The biogas programme was initiated by the Dutch government and the Vietnamese Ministry of Agricultural and Rural Development (MARD) in partnership with SNV Netherlands Development Organisation – which acted as the technical advisor – and was implemented by the Department of Livestock Production. This institutional framework helped ensure that the programme was nationally owned and managed. Between 2003 and 2014, the programme costs were funded by the Dutch government and the Vietnamese provincial governments, but the lion’s share was paid for by the farmers themselves. Since 2013, Energising Development (EnDev), an energy access partnership of six countries, has been the key donor. Around the same time, the programme started generating revenue from the sale of carbon certificates (managed in partnership with Nexus for Development).7
In 2012, the project was registered under the Gold Standard for emissions reduction.

The biogas digester programme has resulted in significant economic, social and environmental benefits since its inception (Table CS2.1).


Agriculture is a key economic sector in the Philippines, accounting for over 10% of GDP in 2020 and employing a quarter of the working population (Philippine Statistics Authority, 2021). Poverty among farmers and fishers has fallen over time, but it remains far higher than the national average, and nearly three times greater than poverty among urban households (World Bank, 2020). The lack of reliable energy supply and infrastructure, including cold storage and processing facilities, contributes to losses and farmers selling at lower prices, particularly in rural and remote islands. Post-harvest losses can
be as high as 40% among high-value crops alone (Cudis, 2021). The Philippines is also highly vulnerable to the effects of climate change due to its archipelagic geography, which is at high risk of flooding. The expansion of centralised energy infrastructure, including the grid, and distribution of fuels comes at a significant cost given the topographical challenges. The potential for decentralised renewable energy systems is high to meet local energy needs and fits well with the current agricultural population, which is concentrated in rural, remote areas.

Whereas male fishers are primarily involved in catching fish, women working in the fisheries sector are typically involved in pre-harvest and value-adding activities – the kind that benefit directly from the introduction of solar icemakers. The project also includes a dedicated gender-specific target to involve at least 50% women’s groups in the planning, design and operation of the post-harvest agri-fishery livelihood projects.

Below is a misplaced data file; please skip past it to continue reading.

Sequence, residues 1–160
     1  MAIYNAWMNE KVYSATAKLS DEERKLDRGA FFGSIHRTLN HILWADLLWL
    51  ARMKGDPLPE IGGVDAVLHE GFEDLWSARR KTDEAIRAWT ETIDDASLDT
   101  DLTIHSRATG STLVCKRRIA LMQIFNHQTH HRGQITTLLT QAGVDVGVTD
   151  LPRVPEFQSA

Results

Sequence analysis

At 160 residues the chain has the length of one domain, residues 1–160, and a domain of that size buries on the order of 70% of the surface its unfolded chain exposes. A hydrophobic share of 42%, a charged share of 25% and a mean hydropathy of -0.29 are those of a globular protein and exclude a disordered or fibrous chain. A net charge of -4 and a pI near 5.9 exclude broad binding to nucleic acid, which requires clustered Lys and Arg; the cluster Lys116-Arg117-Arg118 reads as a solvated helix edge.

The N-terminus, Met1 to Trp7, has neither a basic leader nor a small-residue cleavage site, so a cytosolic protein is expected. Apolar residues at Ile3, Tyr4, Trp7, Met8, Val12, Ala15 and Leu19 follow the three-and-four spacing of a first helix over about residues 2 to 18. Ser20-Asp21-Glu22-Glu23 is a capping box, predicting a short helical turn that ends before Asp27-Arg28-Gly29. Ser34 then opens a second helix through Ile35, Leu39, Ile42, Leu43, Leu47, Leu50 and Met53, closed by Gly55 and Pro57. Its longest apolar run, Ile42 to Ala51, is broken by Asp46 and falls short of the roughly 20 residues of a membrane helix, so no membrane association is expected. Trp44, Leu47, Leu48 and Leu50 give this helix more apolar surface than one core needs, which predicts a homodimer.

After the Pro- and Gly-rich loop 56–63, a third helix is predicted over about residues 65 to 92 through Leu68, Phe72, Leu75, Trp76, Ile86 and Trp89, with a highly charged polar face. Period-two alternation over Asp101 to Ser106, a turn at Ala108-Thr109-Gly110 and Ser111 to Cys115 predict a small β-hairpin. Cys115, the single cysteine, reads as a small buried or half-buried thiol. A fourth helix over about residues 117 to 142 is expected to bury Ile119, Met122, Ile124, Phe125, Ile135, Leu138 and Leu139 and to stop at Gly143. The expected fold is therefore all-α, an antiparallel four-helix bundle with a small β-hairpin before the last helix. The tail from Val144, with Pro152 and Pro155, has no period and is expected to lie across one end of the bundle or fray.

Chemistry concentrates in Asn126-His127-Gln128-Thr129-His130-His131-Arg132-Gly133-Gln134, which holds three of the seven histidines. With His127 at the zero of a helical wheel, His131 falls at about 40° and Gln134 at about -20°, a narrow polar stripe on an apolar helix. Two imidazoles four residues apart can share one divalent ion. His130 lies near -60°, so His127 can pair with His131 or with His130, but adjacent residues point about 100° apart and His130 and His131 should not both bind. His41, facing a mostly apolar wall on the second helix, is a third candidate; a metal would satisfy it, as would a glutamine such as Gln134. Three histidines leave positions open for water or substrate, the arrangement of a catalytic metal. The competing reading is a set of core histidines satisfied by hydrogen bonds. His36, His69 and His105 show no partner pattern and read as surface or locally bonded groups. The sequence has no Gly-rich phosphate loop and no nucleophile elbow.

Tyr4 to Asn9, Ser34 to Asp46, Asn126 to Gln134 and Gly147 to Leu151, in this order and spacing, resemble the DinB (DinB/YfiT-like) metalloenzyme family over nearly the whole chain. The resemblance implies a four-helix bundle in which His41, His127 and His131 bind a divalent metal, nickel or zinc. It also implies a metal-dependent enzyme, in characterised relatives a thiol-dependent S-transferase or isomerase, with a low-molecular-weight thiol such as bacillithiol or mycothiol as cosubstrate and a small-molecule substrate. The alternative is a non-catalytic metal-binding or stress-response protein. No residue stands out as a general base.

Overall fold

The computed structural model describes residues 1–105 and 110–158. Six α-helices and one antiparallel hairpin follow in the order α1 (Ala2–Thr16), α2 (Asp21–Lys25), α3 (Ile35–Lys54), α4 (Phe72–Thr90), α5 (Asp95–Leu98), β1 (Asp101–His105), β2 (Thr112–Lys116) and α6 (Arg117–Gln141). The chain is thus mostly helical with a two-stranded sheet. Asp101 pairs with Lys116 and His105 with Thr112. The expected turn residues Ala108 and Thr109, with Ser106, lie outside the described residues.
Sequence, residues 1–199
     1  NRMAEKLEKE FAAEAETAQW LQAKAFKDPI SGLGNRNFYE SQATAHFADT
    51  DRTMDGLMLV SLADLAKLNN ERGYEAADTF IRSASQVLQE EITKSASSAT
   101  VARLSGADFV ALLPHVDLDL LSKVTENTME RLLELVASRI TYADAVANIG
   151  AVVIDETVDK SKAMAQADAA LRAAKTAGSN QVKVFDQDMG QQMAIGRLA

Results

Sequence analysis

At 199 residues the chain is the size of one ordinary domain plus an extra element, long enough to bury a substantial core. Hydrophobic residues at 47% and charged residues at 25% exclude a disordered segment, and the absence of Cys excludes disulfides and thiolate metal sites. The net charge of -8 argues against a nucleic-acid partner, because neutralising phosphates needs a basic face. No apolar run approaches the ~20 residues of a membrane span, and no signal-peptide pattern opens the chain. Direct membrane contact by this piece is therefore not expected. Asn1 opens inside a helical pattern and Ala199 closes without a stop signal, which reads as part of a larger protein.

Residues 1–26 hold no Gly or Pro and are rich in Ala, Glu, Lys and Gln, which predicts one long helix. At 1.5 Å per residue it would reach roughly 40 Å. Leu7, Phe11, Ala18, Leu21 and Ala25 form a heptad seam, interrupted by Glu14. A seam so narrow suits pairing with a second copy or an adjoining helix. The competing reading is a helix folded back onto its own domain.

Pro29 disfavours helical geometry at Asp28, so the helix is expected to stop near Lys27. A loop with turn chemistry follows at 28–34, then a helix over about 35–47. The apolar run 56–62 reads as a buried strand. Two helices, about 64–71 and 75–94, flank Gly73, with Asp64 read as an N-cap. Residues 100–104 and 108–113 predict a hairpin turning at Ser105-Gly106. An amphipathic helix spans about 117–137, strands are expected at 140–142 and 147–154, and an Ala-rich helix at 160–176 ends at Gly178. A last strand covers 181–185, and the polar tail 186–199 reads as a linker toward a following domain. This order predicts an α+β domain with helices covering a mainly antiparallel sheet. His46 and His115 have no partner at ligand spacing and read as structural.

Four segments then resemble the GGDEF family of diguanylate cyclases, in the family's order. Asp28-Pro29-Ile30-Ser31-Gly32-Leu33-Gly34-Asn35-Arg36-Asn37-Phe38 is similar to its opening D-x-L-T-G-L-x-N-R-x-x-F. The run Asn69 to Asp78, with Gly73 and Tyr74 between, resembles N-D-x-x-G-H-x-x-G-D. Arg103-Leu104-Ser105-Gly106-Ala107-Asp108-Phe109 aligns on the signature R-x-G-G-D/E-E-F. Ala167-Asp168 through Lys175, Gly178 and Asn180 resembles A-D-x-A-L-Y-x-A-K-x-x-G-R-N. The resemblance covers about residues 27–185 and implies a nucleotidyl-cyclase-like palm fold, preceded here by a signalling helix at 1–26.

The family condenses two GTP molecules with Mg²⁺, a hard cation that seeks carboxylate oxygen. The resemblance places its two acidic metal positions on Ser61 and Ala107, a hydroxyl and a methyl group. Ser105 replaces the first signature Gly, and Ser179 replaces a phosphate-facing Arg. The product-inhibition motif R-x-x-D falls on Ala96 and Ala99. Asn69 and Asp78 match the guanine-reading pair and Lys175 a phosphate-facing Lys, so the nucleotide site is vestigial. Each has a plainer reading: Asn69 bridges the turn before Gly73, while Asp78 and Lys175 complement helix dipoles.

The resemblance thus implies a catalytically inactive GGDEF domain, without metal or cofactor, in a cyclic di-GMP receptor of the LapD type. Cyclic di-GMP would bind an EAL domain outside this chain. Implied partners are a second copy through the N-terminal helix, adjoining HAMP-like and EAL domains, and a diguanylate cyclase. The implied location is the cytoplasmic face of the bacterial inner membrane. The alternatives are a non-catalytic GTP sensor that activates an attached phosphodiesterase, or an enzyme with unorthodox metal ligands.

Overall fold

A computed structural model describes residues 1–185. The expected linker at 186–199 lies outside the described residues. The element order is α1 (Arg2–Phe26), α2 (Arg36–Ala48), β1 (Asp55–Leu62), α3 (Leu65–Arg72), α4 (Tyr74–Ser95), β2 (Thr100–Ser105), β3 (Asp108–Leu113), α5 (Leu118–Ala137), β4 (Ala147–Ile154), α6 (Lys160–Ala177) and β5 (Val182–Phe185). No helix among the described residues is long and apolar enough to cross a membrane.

Island municipalities, such as Sitangkai and Sibutu, are particularly vulnerable to the impacts of climate change, seawater rise, natural disasters and economic shocks such as the economic impacts of COVID-19. Strengthening access to distributed renewable energy solutions, supporting a diversification of agriculture and fishery products, and improving market access improve resilience to climate impacts for local communities and enterprises dependent on agriculture.

The Philippines, and the specific case of the province of Mindanao, offers important insights on the role of government and cross-sector partnerships in strengthening renewables adoption in the agriculture sector. At the national level, a dedicated policy framework has been announced to promote the use of renewables in the agri-fishery sector. At the provincial level, the I-PURE project highlights the role donor funding can play in linking renewables with overall agriculture and socio-economic development initiatives. Implementation requires effective co-ordination among local actors, including government, distribution utilities, research institutions and communities. To ensure sustainability and inclusive outcomes, an extensive focus on awareness raising and local capacity building, including equal participation of women, is important.


The agriculture sector in Indonesia contributed about 13.7% to the GDP (in current market prices) in 2020 (BPS, 2021a). Nearly 30% of the labour force is engaged in agriculture, with the majority of households facing poverty relying on agriculture as their main source of income (World Bank, 2021b; Nugraha, 2021). Despite its archipelagic nature, access to electricity and clean cooking fuels for households and enterprises has improved significantly in recent years. The number of people living without electricity access decreased from over 15 million in 2009 to 3.1 million in 2019, the majority of them living in rural areas (World Bank, 2021b). The figure is estimated to have dropped further to about 2.5 million people as of Q1 2021 (ESDM, 2021). In terms of clean cooking fuels and technologies, about 47 million remained without access in 2019, down from 156 million in 2009 (WHO, 2021).

The Sumba Iconic Island initiative must accomplish big tasks if it is to meet its 100% renewable energy target by 2025. Although electrification was increased from 24.5% to 70%, renewable energy accounted for 23% of the total mix. The initiative faced demand-side challenges that slowed down progress. Although Indonesia has a developed finance sector, it is difficult to find interest in decentralised mini-grids or small-scale renewable energy investment due to challenges with the existing regulatory framework for decentralised solutions. Thus, most of the demand from investment banks and private enterprises is focused on large-scale renewable energy projects for which the policy framework is clearer, a situation that hinders the development potential of mini- and micro-scale energy systems to serve small- and medium-size islands such as Sumba. To increase productive end use of energy in agriculture, a comprehensive demand-side assessment is required to understand whether renewable
energy would be well adopted or needed. Moreover, training agricultural end users to develop a market for renewable energies and fostering demand would bridge the disconnect between big finance in Indonesia and end users. In addition, research into loan partner organisations that are willing and able to undertake such investments would mitigate this barrier.